Construction spending in U.S. jumped by much more than expected in the month of April, according to a report released by the Commerce Department on Thursday.
The Commerce Department said construction spending surged by 1.2 percent to an annual rate of $1.908 trillion in April after rising by 0.3 percent to a revised rate of $1.885 trillion in March. Economists had expected construction spending to inch up by 0.2 percent.
The sharp increase in construction spending was partly due to a spike in spending on private construction, which shot up by 1.3 percent to an annual rate of $1.501 trillion in April.
Spending on residential construction rose by 0.5 percent to a rate of $845.4 billion, while spending on non-residential construction soared by 2.4 percent to a rate of $655.3 billion.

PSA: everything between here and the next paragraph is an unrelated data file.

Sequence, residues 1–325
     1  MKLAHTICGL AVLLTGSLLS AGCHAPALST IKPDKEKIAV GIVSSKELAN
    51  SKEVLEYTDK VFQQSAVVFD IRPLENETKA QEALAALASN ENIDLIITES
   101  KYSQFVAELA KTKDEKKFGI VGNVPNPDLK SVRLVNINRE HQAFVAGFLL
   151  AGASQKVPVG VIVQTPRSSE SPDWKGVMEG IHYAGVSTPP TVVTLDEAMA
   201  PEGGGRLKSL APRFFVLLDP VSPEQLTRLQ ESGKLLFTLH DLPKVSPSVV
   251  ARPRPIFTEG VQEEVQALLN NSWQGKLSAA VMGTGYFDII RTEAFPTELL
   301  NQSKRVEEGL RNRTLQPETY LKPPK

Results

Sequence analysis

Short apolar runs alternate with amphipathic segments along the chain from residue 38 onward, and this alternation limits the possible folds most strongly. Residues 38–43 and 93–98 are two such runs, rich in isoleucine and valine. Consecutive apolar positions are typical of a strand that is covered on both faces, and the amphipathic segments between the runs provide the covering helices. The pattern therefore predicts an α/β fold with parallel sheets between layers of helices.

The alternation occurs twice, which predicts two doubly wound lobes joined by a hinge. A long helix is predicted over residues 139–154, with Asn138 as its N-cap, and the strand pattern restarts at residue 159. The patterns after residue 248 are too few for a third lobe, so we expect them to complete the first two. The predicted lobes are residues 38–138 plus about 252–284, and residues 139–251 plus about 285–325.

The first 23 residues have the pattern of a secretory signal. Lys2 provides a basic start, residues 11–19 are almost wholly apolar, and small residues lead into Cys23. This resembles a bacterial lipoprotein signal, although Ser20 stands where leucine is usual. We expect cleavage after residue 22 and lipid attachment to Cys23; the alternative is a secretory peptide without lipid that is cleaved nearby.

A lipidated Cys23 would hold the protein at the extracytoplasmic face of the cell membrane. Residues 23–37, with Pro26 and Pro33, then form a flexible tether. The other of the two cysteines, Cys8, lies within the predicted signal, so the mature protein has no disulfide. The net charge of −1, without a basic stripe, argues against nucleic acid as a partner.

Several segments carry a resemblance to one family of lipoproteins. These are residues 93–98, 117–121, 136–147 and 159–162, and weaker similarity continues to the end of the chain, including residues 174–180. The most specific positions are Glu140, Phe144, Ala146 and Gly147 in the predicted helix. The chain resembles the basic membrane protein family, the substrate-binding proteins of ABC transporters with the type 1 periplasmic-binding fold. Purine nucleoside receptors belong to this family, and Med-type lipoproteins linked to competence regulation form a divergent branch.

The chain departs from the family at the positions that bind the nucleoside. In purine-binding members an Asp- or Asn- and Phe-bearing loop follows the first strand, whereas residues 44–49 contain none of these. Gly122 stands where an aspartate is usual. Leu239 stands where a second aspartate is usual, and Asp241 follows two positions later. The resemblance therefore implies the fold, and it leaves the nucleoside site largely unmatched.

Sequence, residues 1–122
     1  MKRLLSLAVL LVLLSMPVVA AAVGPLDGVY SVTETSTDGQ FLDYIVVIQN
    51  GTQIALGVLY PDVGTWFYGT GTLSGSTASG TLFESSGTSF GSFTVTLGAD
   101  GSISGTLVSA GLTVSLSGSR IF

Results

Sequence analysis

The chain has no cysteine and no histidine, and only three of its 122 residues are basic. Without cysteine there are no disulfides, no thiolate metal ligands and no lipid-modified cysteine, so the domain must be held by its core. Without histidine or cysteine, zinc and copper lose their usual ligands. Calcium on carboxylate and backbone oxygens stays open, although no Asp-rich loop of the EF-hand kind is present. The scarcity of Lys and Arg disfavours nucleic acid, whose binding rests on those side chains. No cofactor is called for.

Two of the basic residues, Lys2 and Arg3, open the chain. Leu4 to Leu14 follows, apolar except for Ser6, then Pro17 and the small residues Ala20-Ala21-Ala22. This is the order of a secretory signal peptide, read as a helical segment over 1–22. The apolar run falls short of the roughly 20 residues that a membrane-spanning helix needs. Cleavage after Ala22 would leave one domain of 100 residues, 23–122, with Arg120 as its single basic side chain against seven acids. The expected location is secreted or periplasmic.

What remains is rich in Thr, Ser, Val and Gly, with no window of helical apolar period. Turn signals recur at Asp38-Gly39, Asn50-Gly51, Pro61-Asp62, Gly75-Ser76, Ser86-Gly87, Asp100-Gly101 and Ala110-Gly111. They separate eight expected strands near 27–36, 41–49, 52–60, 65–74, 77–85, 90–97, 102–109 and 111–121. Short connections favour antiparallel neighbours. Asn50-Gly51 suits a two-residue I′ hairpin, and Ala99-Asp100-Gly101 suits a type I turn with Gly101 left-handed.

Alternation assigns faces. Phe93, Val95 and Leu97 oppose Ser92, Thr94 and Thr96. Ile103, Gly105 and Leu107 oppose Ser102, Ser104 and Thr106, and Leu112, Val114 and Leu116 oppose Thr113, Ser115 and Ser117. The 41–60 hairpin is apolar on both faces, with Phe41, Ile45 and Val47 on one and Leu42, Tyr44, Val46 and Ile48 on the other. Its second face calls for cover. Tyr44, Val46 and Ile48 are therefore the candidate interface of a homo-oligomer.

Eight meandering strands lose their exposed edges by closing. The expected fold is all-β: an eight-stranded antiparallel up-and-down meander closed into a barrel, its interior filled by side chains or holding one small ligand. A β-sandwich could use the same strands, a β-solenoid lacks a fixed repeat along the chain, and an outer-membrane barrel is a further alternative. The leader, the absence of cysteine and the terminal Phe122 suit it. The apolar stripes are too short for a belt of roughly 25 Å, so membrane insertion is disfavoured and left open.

The report said spending on public construction on also jumped by 1.1 percent to an annual rate of $407.7 billion in April.
While spending on educational construction edged down by 0.1 percent to a rate of $88.3 billion, spending on highway construction surged by 1.3 percent to a rate of $124.7 billion.